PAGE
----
[Shakti Mills Gangrape Case] “Death puts an end to the concept of repentance," Bombay High Court commutes death sentence of three accused to life imprisonment

  • Ratna Singh
  • 03:20 PM, 25 Nov 2021

Confirming the conviction of three accused in the gangrape of a photojournalist in the Shakti Mills compound in August 2013, the Bombay High Court on Thursday has commuted their death sentence to life imprisonment.

A Division Bench of Justice Sadhana Jadhav and Justice Prithviraj Chavan refused to confirm the death penalty awarded to Vijay Jadhav, Mohammad Qasim Shaikh and Mohammad Ansari and they were instead sentenced to life imprisonment for the remainder of their life.

“Life imprisonment is rule and death penalty is an exception. Have to be decided dispassionately. Such incident shows conscience but the procedure cannot be ignored,” observed the Bench while reducing their death sentence to life imprisonment.

The Court also observed that, it cannot ignore the fact that the offence has shocked the collective conscience of the society and rape is a violation of human rights, but the sentence of death is irrevocable.

“Death puts an end to the concept of repentance. It cannot be said the accused deserved only the death penalty. They deserve imprisonment for life to repent the offence committed by them,” noted the Bench

Imposing strict conditions, the High Court has said that the convicts shall not be released on parole or furlough as they “cannot be allowed to assimilate in the society”, as there is “no scope for reformation”.


In August, 2013 a 22-year-old photo journalist was gang-raped by five men namely - Mohammed Kasim Hafiz Shaikh alias Kasim Bengali, Mohammed Salim Ansari, Vijay Jadhav Siraj, Rehman Khan alias Sirju Mohammed Ashfaq Sheikh and two other unnamed juveniles at the premises of Shakti Mills Compound, Mahalaxmi, Mumbai, Maharashtra, India.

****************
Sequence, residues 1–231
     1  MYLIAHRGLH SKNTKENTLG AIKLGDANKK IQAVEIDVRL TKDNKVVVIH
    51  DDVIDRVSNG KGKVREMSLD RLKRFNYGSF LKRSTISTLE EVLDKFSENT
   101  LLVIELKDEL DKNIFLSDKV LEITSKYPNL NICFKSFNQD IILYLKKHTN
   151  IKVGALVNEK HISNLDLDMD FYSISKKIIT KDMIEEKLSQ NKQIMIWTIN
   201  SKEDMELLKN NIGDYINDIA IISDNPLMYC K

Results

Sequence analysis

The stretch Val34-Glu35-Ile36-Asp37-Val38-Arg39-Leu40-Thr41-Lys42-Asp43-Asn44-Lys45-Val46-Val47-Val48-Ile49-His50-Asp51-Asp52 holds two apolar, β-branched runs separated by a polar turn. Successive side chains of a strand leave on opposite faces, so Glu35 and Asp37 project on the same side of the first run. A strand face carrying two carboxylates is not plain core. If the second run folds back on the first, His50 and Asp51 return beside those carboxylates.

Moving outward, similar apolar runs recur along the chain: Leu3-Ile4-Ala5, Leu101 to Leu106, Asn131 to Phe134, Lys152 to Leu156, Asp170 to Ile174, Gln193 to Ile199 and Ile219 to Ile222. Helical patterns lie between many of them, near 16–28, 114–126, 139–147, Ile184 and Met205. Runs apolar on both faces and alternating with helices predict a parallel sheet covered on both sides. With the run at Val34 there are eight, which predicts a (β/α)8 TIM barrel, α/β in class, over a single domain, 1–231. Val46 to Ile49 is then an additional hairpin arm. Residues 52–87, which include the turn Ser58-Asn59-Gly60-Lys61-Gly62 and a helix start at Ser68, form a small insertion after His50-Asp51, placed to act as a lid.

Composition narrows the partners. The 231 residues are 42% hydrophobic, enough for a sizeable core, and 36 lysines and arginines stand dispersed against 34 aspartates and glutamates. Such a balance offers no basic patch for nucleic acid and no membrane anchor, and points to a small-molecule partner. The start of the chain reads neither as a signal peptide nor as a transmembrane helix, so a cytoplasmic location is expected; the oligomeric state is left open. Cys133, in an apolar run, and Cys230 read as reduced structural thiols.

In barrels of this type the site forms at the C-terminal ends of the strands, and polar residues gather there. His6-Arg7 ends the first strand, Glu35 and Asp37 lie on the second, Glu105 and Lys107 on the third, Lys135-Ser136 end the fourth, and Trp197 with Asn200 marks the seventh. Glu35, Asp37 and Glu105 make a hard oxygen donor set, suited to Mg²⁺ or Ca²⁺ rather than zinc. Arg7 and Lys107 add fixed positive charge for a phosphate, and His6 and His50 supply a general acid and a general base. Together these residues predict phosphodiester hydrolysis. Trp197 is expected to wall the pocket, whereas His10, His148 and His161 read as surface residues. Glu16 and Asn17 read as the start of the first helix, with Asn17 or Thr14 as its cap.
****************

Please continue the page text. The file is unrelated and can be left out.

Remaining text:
As per the police statement, the victim and her colleague left for the Shakti Mills compound at 5 pm to take some pictures of the deserted Shakti.

Both of the victims were attacked by these men who also tied up the male colleague of the victim and in turns raped the victim while keeping her threatened by sharp pieces of a broken beer bottle at her neck, to not shout for help.

The accused took photographs of the victim and threatened her to release them on social media if she tried to tell anyone about the incident. The victims were also forced to clean the crime scene and after the assault they were left at the railway tracks around 7.15 pm.

The victim was admitted to Jaslok Hospital at Peddar Road and underwent medical treatment. She gave her statement to police on August 26, 2013 and was discharged on the night of August 27, 2013.

Vijay Jadhav, Mohammad Qasim Shaikh, and Mohammad Salim Ansari were convicted in both the gang-rape cases, while Siraj Khan and Mohammad Ashfaque Shaikh were found guilty in the photojournalist and telephone operator cases respectively.

On March 21, the Mumbai Sessions Court awarded imprisonment for life to four of the accused in the telephone operator case.

Following the conviction of the three repeat offenders (Vijay Jadhav, Qasim Bengali, and Mohammed Salim Ansari) in both gang rapes, on April 4, prosecutor Nikam moved an application to add charges against them under Section 376E of the IPC, which provides for death sentence for repeated rape convictions.

On April 4 2014, the Court awarded the death penalty to the three repeat offenders in the photojournalist rape case under Section 376 E of the Indian Penal Code, 1860.

Later, the accused moved to the High Court and the issue before it was regarding the constitutional validity of Section 376-E inserted in the Indian Penal Code ('IPC') by the Criminal Law (Amendment) Act of 2013, with effect from February 3, 2013.

On the June 3, 2019, the Hon'ble High Court of Bombay had dismissed the petitions filed challenging the constitutional validity of section 376 E of the Indian Penal Code 1860 and declared it constitutionally valid as no merit was found to declare it unconstitutional.

Considering the constitutional validity of the statute, the Court stated that in the present case, the constitutional validity of Section 376-E, and the background and circumstances in which Section 376-E was inserted in the Criminal Law (Amendment) Act, 2013, were of the opinion that Section 376-E is not ultra vires the Constitution and as such is not required to be struck down.

The High Court Bench had clearly stated that, IPC itself recognizes offences, which fetch a death term, even if no death is caused, and as such, there was no merit in that under Section 376-E, the death sentence was not justified, as no death was caused.

It had stated that, “it would be highly unrealistic to compare cases of rape with the offence of murder, as the consequences are incomparable.”